Objectives: Reduced reward responsiveness, as measured by the event-related potential (ERP) component, the reward positivity (RewP), has been shown to play a role in the development of internalizing disorders, but implications for treatment remain unclear. In adult patients with anxiety and/or depression, reduced RewP has emerged as a predictor of greater change in symptoms following cognitive behavior therapy (CBT) or selective serotonin reuptake inhibitor (SSRI) treatment. The objectives of this preliminary study were to extend these findings to children and adolescents with anxiety disorders by evaluating RewP to reward as a predictor of change in anxiety severity or depressive symptoms following treatment with CBT or SSRI and to explore whether RewP differentially predicts response to one type of treatment.
Methods: Patients (7-19 years old) with social and/or generalized anxiety disorder (N = 27) completed baseline measures of anxiety severity and depressive symptoms, as well as an ERP monetary reward anticipation and feedback task. RewP was measured in response to reward and breaking even feedback. Patients were then randomly assigned to CBT or SSRI treatment, and completed measures of anxiety and depressive symptom severity at the last treatment session.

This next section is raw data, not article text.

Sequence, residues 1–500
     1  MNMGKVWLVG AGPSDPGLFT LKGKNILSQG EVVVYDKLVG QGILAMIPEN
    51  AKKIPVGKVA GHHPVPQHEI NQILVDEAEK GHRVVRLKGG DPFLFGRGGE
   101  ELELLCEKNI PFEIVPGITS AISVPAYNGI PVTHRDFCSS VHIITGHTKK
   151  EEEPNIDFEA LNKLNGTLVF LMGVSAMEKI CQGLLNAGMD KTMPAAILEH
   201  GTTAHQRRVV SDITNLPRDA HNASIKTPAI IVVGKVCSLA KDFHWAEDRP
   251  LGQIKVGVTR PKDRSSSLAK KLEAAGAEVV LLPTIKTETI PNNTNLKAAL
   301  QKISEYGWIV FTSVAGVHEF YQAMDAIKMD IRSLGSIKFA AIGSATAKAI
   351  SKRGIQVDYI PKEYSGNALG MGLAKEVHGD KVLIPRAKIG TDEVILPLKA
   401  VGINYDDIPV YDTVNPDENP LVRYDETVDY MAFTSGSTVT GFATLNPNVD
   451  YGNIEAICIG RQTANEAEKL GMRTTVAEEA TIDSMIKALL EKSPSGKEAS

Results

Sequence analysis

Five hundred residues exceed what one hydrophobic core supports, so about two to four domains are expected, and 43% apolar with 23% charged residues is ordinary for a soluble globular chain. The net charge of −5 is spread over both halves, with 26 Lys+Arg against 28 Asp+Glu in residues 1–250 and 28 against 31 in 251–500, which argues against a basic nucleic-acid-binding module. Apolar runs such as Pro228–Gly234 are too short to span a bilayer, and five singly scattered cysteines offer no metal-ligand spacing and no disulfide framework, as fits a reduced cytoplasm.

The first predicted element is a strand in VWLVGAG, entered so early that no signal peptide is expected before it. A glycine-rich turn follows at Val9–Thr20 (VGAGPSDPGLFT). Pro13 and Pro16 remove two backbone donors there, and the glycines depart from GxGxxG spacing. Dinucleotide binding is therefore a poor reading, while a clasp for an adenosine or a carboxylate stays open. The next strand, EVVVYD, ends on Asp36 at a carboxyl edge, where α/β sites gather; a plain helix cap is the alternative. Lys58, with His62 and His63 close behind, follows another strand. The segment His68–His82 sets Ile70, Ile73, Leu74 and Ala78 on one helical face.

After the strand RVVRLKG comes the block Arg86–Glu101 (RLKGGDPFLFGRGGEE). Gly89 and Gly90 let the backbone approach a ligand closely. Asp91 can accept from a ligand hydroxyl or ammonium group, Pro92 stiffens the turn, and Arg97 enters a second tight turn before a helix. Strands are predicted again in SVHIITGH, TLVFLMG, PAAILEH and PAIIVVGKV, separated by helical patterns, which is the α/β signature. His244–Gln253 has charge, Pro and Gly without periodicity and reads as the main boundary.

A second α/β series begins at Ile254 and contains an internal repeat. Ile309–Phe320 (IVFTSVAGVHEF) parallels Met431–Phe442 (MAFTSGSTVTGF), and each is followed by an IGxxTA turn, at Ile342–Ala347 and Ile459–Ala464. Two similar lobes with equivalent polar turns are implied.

Results: Reduced reward responsiveness, as measured by RewP to rewards, predicted greater change in depressive symptoms following treatment, adjusting for baseline symptoms, age, and RewP to breaking even. RewP was not a significant predictor of change in anxiety symptoms. Although preliminary, exploratory analyses suggested that among anxious youth, RewP specifically predicted change in depressive symptoms following CBT, rather than SSRI.
Conclusion: Results provide preliminary support for the utility of ERP measures of reward responsiveness in predicting treatment response in youth. With further research and standardization, ERP assessments could potentially be implemented in clinical settings to inform prognosis and treatment planning for youth with internalizing disorders.